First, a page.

if narcan doesn’t harm people who aren’t ODing, why do paramedics wait before administering another dose?

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The only reasonable explanation I can think of is ability

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Anonymous 0 Comments


Anonymous 0 Comments

We as medics will wait because.. 1. We need to make sure it’s an opioid overdose, and not a different type of substance, so we need to see if the patient is responding to the first dose given. 2. We don’t actually want to completely bring them out of the ‘high’ we just want to counteract the overdose enough that they are breathing adequately but not too much that they come up swinging at us due to brain hypoxia(symptoms of hypoxia is confusion and aggression). And 3. like any medication, there’s preferred therapeutic levels we need to reach and it’s best practice and more likely better efficacy if we queue the dose every 5 minutes, versus just giving them a whole bunch of doses all at once.

Hope this helps!

Anonymous 0 Comments

The side effects of Narcan, according to HealthLine, include headaches, muscle spasms, and “pain in your bones”. Keeping those to a minimum sounds pretty awesome, and so unless the person is rapidly shuffling off this mortal coil it makes sense to go easy with the Narcan. 🙂

Also, some people are allergic to it, so after the first dose it makes extra-good sense to pause and watch for signs of anaphylaxis before going any further.

*[Edit: They’re waffling about the allergic reaction; they say allergies have been reported, but the clinical studies on Narcan didn’t observe any, so listing that might just be an “abundance of caution” thing.]*

Anonymous 0 Comments

Because either it helps, or it doesn’t. If it helps, you’ll dose according to response. If it doesn’t, look for something else.

Anonymous 0 Comments

Because it puts people in immediate withdraw, which puts them in an insane amount of misery and they often start thrashing and hitting people.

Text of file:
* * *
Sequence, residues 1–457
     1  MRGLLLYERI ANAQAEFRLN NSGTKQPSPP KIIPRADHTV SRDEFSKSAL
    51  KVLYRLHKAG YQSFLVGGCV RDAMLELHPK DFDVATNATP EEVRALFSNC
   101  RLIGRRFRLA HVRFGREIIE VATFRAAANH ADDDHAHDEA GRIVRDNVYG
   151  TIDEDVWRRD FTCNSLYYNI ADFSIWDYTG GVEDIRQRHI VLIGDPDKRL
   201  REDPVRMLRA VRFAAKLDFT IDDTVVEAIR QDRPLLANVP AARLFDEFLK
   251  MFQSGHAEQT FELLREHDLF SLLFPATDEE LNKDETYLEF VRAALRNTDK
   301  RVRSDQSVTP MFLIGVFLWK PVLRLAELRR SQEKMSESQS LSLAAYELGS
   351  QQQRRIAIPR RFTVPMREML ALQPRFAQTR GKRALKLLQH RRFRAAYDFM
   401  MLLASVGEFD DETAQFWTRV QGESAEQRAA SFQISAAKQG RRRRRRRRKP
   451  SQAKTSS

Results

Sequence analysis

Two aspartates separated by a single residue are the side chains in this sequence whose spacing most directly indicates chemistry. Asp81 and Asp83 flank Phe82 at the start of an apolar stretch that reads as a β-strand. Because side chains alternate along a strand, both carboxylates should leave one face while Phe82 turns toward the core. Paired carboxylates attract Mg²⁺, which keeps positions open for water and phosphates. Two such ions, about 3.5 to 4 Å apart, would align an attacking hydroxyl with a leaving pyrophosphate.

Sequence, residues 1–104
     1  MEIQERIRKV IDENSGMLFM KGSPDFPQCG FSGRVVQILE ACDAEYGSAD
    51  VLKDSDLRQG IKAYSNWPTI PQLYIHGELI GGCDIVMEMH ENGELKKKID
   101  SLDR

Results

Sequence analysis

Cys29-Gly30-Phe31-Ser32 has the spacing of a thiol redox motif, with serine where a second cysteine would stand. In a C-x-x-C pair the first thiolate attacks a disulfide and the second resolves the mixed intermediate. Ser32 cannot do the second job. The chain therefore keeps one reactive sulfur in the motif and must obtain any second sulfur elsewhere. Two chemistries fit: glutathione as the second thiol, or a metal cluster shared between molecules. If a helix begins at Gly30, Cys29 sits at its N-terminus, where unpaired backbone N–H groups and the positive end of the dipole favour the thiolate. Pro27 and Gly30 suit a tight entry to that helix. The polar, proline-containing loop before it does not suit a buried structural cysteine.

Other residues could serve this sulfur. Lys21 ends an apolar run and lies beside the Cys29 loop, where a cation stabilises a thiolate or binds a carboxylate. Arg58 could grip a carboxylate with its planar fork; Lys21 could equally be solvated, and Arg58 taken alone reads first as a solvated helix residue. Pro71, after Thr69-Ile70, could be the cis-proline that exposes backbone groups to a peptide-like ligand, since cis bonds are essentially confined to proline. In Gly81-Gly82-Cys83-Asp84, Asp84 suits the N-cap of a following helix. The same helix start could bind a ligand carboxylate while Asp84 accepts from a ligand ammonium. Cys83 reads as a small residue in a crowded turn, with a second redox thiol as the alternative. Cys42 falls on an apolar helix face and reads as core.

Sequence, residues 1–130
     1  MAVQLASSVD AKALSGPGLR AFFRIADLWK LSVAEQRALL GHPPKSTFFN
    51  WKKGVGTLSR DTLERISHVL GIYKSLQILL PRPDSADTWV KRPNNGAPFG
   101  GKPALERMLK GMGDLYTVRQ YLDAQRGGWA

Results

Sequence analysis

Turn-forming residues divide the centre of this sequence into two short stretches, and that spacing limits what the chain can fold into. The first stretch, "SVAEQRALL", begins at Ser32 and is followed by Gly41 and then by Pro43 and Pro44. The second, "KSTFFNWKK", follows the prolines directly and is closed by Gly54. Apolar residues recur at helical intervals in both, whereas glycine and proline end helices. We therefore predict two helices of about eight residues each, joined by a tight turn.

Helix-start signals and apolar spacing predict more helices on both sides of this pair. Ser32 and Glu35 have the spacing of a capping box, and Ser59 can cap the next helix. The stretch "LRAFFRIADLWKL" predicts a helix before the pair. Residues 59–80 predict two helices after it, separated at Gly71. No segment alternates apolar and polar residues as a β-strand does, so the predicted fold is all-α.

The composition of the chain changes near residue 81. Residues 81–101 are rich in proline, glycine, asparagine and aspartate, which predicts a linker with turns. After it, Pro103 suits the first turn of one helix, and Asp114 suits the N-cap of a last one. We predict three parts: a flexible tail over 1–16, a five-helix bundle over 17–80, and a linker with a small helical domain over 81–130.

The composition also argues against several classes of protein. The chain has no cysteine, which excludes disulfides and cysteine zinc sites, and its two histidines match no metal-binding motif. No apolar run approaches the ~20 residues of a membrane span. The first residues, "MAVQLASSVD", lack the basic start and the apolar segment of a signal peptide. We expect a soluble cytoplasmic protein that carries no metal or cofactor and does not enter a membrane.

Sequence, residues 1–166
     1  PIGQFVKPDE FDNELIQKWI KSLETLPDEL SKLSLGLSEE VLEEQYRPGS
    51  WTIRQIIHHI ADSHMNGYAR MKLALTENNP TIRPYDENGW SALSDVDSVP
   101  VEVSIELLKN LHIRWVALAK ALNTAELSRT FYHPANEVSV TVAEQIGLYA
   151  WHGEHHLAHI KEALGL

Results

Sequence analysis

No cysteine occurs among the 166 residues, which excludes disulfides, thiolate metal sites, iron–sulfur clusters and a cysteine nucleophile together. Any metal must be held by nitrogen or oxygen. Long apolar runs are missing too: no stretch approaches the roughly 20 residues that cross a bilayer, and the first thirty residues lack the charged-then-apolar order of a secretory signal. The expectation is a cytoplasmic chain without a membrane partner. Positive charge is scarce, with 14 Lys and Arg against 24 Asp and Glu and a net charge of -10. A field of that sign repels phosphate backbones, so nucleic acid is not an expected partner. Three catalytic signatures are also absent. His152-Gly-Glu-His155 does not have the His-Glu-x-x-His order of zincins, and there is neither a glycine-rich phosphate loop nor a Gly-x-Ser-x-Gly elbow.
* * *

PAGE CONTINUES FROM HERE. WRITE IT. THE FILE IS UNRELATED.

They will do it to the point of hurting themselves or anyone around them.

Anonymous 0 Comments

Narcan’s purpose in EMS is to help the patient breathe on their own by reversing the effects of the opiates. But there are also other tools we can use to manage the airway and breathe for the patient until they get their respiratory drive back, so it’s not absolutely critical that we have to go hard on the narcan.

As mentioned by others, narcan can put someone into a crisis from acute withdrawal. This can be *terrible* if not anticipated and the patient treated safely. So sometimes you need a calm head and just go in small doses while managing the airway and respiratory manually.

Anonymous 0 Comments

The idea is to restore respiration rate and SpO2 to normal ranges without completely pulling them out of it. Narcan essentially rips the opiates/opioid off the receptor, putting them into immediate withdrawal.  People typically don’t like that and will often become violent because you “ruined” their high, nevermind the fact that you just saved their life.  If you’ve ever had a battle royale with a pissed off junkie in the back of a tin can on wheels going 70MPH, you’d understand why we don’t want that.  I assure you, it is not fun.  

What we do, at least for the services I’ve worked for, is instead of administering a full 2mg dose, we would titrate it up by 0.2mg doses until the patient is capable of breathing adequately on their own.  This could be 0.2mg or 0.8mg or 1. 4mg.  just depends on the patient and circumstances.

Anonymous 0 Comments

Everything is harmful if you give someone too much of it. For some people, one dose is all they need. Given the side effects, you really don’t want to overdo it.

Anonymous 0 Comments

The biggest problem with opioid overdose is that it causes decreased respiratory effort by the patient. This means they are not breathing very frequently or not breathing at all. If the medics are able to breath for the patient (for example, bag-valve-mask, intubation, etc.) then the patient is going to be fine.

At this point, in theory, they should still give naloxone, but sometimes they will wait because they are breathing for the patient and giving naloxone is just going to reverse the overdose which will either 1) cause the patient to wake up kicking and screaming or 2) cause withdrawal which is very very uncomfortable for the patient or both.

Medics don’t like being punched in the face, and patients don’t like sweating profusely and diarrhea etc.

Anonymous 0 Comments

In EMT school, our instructor often joked that crews will give half the dosage on scene and the other half when a couple minutes away from the hospital. People can [get combative when they come out of a high](https://youtu.be/FUwF75X-oz0?si=GaoXvuTYmcUztsLL) so letting the full dose hit in the hospital means more people who can restrain the patient. Also means we don’t have to convince someone who doesn’t want to go to the hospital even though they’re in a life-threatening situation or restrain them when they start thrashing around in the back of the rig.

Another thing is EMTs and other basic life support responders use a preset 2-4mg spray. Paramedics are allowed to titrate the dosage in 0.4mg increments instead, letting them control how much needs to be given. Takes some time but it’s best to use the minimum amount of medicine needed to get someone breathing adequately rather than putting them through a ton of pain.